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Australia Cuisine
 
 
 

For its first 150 years, the Australian cuisine fluctuated in flavour somewhere between salty lard and shoe leather spiced with charcoal. Without doubt, it was the most boring food in the world. It is tempting to blame the English for the blandness. After all, they transported criminals who were able steal bread, but lacked the imagination to steal the condiments to give the bread some flavour. They also transported the Irish whose experience with exquisite meals amounted to little more than adding some grass clippings to potatoes.

Sadly, as unpalatable as it may be to let the Poms off the hook, the more probable explanation is that the harshness of the Australian environment offered little material to work with when creating recipes. Because the poor soils were unsuited to agriculture, it was only basic vegetables that could be grown with any reliability. Furthermore, chefs had to rely upon a limited range of domesticated European animals because, unlike native animals, they could be contained. Kangaroos wont herd nicely towards an abattoir and jump most fences. Likewise, Wombats are individualistic creatures that if fenced in, tunnel their way to freedom. Possums and Koalas just climb over the top of fencers.

Aside from being shackled with a narrow range of meats, the lack of refrigeration forced Australian chefs to burn, salt or coat the meat in fat in order to reduce the risk of food poisoning. Perhaps some flavour could have been achieved by making sausages or salamis like many Mediterranean nations. Unfortunately, the menace of blowflies posed a significant risk of infusing a maggot flavour.

Unless the colonists decided to live an Aboriginal style nomadic existence, the colonists had to rely upon unproductive foreign animals and plants that struggled in Australian conditions. Even then, the menace of droughts, fires, bushrangers, dingos and kangaroos made this produce unreliable. For the colony's first few decades, starvation was as common in Australia as it had been in Europe.

With ingredients scarce, it was left to the ladies from charity organisations like the Salvation Army to save Australia's culinary soul. As part of their fund-raising drives, the ladies utilised two ingredients that were in abundance, wheat and eggs. They subsequently made pumpkin and mango scones; pavolvas; Anzac cookies, lamingtons and the humble slice . Till this day, the charitable recipes of Australia's culinary soldiers remain of the few that are recognised as Australian in origin and style.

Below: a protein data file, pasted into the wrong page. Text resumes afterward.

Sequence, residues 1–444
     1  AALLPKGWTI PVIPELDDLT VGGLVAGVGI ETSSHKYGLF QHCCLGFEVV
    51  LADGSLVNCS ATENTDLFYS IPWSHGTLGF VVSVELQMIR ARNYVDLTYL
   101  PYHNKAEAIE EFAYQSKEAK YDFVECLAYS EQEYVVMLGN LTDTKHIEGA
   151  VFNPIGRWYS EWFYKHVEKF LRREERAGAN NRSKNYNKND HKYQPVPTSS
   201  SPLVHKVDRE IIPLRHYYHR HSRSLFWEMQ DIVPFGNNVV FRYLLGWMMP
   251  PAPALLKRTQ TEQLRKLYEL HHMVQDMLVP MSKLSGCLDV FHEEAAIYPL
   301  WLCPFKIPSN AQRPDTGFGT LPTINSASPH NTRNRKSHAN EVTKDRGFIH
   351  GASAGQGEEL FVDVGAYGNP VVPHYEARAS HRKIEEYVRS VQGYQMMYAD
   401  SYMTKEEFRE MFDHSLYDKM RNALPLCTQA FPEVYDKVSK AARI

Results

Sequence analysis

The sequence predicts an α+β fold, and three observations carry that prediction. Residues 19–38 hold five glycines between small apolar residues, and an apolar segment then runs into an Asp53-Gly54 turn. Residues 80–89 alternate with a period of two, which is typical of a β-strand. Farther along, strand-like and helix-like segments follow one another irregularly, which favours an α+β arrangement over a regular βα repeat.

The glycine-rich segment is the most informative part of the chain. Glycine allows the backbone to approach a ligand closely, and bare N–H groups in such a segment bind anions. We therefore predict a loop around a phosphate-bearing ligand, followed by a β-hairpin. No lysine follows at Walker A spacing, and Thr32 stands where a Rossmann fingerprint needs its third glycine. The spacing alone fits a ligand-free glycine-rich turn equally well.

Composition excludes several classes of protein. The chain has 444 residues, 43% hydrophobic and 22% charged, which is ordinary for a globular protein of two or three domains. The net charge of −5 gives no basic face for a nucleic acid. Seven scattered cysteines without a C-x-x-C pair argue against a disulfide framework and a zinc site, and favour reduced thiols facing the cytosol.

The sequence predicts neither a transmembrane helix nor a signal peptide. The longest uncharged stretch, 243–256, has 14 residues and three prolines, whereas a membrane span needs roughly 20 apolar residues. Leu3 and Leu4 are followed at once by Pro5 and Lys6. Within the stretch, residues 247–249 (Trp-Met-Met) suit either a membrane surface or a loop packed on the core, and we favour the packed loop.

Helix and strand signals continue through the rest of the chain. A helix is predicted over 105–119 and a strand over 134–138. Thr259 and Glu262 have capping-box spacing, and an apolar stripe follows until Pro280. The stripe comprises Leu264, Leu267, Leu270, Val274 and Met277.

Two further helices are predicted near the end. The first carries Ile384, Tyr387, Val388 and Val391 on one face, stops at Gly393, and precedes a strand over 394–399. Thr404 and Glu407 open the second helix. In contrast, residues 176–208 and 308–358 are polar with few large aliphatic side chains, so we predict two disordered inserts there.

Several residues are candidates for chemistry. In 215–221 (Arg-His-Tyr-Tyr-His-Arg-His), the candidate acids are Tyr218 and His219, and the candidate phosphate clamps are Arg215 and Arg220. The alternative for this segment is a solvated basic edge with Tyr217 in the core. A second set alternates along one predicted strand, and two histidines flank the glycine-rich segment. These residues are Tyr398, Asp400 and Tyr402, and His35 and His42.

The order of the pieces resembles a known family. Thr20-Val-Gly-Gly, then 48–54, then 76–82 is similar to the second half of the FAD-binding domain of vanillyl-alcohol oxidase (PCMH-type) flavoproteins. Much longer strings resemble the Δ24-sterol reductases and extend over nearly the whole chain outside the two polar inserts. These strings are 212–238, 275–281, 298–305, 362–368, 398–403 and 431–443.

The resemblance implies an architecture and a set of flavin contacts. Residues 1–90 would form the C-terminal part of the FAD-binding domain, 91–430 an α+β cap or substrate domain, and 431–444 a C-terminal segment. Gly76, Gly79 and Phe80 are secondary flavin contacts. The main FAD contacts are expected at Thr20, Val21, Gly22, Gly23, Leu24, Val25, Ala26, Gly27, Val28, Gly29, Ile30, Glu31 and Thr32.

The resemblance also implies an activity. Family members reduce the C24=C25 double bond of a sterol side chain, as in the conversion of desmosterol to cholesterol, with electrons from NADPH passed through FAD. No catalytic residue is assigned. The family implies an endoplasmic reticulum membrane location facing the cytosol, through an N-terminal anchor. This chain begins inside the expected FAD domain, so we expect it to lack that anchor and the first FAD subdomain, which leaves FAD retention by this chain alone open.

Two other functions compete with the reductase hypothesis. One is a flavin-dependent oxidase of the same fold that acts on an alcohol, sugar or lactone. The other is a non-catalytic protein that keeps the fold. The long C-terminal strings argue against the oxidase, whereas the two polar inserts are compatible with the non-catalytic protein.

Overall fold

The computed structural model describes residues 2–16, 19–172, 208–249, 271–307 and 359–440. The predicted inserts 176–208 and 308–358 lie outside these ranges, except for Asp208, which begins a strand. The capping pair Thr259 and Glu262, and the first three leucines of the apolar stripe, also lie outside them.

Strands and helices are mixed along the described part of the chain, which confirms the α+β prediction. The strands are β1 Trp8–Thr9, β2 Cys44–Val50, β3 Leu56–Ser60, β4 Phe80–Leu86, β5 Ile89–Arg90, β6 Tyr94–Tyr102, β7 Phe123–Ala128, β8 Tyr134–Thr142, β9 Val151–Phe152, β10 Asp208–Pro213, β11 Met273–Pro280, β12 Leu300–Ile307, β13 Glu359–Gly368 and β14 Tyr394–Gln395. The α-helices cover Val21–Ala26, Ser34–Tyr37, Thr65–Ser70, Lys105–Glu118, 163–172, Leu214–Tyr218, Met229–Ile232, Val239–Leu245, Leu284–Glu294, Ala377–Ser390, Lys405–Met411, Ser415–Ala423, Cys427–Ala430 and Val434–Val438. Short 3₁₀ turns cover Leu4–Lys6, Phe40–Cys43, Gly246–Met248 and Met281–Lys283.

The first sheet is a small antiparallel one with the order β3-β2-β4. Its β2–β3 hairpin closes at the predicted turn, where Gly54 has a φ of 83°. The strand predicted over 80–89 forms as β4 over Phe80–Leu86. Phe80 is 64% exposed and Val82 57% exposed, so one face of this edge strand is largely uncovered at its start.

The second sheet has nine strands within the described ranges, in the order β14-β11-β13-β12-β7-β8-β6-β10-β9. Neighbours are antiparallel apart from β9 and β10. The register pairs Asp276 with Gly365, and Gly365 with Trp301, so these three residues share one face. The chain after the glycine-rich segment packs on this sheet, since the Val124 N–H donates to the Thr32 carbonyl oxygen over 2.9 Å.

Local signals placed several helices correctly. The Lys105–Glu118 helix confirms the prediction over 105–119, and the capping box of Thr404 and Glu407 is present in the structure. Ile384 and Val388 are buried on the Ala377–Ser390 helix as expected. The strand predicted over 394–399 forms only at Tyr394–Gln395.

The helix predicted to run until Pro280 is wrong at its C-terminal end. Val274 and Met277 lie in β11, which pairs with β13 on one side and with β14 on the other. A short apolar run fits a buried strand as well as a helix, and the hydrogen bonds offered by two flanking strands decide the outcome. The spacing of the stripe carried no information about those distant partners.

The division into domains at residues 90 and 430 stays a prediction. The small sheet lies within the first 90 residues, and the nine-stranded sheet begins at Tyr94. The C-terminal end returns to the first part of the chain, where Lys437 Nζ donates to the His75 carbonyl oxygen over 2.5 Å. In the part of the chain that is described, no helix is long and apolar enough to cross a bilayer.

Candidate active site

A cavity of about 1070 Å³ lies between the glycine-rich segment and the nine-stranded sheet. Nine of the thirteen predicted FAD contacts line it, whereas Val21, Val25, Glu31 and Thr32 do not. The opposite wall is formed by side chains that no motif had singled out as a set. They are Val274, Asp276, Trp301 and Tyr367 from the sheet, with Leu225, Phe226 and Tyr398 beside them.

After World War II, Australia underwent a culinary explosion. It is generally accepted that this explosion was due to the influx of Asian and European immigrants who subsequently expanded the Australian pallet. However this explanation seems flawed as Australia also received massive migration from China, Germany, Italy, and France during the gold rushes of the 1850's yet the basic burnt meat and boiled potatoes prevailed. The only lingering change was the addition of the dim sim to the fish and chip shop. The more logical explanation for the culinary explosion is that the Snowy Mountains Scheme increased the productivity of the land. Furthermore, improvements in transportation and refrigeration allowed food to be transported over vast distances. As refrigeration expanded the size of the farmer's market, the more they could grow niche products with confidence that they could be sold. As the range of produce in Australia increased, immigrants were able to access the ingredients necessary to continue their culinary traditions. Over time, they introduced Australian chefs to the great meals of the world.


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